To get new treatments to patients as quickly as possible, this five-year study will include a feasibility study involving up to 30 patients, followed by Phase II clinical trials with as many as 70 patients. TGen intends to team with the Ivy Early Phase Clinical Trials Consortium that includes: University of California, San Francisco; University of California, Los Angeles; the MD Anderson Cancer Center; Memorial Sloan Kettering Cancer Center; University of Utah; and the Dana-Farber/Harvard Cancer Center.

The results of these clinical trials should not only help the patients who join them, but also provide the data needed for FDA approval and availability of new drugs that could benefit tens of thousands of brain cancer patients in the future.

“Working with physicians, the project will aim to get new drugs to patients faster, deliver combinations of drugs that might be more effective than using a single drug, quickly identify which therapies don’t work, and accelerate discovery of ones that might prove promising for future development,” said Dr. John Carpten, TGen’s deputy director of basic science, director of TGen’s Integrated Cancer Genomics Division, and another of the project’s principal investigators.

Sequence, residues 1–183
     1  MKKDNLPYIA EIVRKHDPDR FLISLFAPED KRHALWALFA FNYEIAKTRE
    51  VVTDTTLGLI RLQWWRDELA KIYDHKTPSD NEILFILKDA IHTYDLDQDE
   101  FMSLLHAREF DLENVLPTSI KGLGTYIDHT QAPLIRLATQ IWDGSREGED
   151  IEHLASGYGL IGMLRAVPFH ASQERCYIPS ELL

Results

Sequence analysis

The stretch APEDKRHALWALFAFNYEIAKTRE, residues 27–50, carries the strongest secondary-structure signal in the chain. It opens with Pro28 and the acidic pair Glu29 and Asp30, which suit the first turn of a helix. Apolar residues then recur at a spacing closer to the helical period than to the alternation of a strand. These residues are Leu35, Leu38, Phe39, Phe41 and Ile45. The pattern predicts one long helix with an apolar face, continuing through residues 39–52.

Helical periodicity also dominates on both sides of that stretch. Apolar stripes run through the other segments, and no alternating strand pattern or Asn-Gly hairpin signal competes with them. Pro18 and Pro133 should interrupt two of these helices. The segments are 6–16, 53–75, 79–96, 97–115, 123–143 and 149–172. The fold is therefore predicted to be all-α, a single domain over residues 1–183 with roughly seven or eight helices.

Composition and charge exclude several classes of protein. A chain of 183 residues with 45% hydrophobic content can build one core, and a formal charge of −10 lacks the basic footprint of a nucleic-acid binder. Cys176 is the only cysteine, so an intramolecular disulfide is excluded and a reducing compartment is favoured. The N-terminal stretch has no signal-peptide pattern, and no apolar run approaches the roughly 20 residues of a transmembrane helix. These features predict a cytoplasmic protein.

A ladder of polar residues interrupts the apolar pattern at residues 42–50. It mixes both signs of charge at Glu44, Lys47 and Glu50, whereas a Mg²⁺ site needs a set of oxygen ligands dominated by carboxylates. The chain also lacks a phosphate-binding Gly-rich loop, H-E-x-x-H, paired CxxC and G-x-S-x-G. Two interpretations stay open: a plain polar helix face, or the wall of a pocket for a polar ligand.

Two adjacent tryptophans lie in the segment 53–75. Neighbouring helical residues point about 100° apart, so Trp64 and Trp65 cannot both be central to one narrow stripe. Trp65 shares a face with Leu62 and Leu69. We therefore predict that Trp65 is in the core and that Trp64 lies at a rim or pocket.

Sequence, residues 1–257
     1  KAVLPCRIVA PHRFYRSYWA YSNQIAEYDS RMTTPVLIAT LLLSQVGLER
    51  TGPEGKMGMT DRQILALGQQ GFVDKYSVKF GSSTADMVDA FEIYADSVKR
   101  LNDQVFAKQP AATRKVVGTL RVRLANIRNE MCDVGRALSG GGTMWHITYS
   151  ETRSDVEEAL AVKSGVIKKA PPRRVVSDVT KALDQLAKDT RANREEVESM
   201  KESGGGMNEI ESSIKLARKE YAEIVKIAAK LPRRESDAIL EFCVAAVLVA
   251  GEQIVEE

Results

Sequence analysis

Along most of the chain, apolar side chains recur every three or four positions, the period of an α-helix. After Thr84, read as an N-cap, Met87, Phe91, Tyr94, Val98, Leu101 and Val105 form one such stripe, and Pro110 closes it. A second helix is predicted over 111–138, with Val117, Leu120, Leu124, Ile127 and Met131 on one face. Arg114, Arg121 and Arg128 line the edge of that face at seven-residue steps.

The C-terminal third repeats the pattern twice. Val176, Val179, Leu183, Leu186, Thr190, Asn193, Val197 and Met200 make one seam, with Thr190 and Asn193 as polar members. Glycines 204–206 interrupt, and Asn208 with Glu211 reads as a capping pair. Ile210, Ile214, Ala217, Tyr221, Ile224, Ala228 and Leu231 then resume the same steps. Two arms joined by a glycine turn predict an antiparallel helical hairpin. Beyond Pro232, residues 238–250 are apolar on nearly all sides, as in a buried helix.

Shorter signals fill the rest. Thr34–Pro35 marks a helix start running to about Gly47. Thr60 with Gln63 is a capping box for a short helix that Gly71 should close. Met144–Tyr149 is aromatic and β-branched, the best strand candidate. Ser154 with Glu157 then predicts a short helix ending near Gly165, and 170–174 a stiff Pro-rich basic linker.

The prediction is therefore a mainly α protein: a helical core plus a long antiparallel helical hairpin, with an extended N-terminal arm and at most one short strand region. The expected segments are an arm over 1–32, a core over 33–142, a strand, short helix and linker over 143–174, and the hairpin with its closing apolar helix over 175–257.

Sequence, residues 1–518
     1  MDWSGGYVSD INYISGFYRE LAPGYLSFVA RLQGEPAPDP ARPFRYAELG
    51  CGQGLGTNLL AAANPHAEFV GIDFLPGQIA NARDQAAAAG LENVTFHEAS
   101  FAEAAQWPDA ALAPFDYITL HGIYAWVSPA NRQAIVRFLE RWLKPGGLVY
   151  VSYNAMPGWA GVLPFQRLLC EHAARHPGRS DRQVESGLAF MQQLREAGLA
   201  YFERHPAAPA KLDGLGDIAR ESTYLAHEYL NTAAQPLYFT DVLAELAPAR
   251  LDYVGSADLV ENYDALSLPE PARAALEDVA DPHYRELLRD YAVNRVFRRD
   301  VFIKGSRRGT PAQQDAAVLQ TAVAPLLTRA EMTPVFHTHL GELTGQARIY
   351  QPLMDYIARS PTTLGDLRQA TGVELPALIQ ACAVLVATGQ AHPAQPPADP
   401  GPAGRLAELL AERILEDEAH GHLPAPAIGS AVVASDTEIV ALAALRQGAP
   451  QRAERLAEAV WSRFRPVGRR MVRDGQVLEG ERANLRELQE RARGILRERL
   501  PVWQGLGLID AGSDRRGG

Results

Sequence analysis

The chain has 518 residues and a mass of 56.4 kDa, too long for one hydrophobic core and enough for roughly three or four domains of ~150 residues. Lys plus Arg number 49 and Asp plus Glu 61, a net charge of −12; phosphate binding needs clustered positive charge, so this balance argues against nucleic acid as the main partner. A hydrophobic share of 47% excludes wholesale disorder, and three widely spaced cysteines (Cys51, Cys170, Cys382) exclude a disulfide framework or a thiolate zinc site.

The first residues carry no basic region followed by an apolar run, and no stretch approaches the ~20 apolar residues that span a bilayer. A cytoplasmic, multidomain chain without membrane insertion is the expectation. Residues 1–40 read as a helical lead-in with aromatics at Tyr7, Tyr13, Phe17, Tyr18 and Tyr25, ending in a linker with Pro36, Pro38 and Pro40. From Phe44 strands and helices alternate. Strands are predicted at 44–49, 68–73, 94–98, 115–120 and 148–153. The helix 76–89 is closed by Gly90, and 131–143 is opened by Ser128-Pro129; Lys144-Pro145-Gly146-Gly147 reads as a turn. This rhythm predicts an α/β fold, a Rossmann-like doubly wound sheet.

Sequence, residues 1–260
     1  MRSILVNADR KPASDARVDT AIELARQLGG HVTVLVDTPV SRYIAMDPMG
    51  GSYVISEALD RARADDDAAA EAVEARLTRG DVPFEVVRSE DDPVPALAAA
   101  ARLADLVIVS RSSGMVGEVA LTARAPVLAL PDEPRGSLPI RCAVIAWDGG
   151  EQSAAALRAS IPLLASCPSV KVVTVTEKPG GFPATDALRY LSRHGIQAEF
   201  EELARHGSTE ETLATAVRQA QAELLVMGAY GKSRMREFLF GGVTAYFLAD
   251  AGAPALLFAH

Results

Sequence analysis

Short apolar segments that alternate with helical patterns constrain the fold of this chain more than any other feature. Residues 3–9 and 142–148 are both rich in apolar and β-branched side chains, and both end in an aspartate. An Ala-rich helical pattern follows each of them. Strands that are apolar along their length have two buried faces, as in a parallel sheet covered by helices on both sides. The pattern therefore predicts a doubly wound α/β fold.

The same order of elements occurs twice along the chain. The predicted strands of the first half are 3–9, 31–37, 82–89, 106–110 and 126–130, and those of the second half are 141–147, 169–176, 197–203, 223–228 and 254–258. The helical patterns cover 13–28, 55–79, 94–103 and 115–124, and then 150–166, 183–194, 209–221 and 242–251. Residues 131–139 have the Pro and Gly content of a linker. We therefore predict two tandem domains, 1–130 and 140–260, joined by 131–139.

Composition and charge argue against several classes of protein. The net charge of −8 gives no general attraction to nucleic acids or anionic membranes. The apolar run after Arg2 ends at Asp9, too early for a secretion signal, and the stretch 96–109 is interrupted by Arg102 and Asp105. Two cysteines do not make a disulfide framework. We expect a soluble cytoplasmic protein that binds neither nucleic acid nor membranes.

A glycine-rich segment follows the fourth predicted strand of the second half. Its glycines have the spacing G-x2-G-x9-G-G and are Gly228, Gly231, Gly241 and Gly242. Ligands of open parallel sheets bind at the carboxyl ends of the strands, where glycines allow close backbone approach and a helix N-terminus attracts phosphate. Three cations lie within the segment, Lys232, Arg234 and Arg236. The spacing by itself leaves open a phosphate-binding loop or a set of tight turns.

In addition to helping patients as quickly as possible, the projects should significantly expand Arizona’s network of brain cancer experts.

“It’s a tremendous opportunity to find more solutions for the patient diagnosed with brain cancer,” said Ivy, who also is working to establish additional clinical trials in the Phoenix area, giving local patients more treatment options. “The clinical trials are very exciting because they can impact the patient today.”

For more information on the Ivy Foundation, visit their website www.ivyfoundation.org.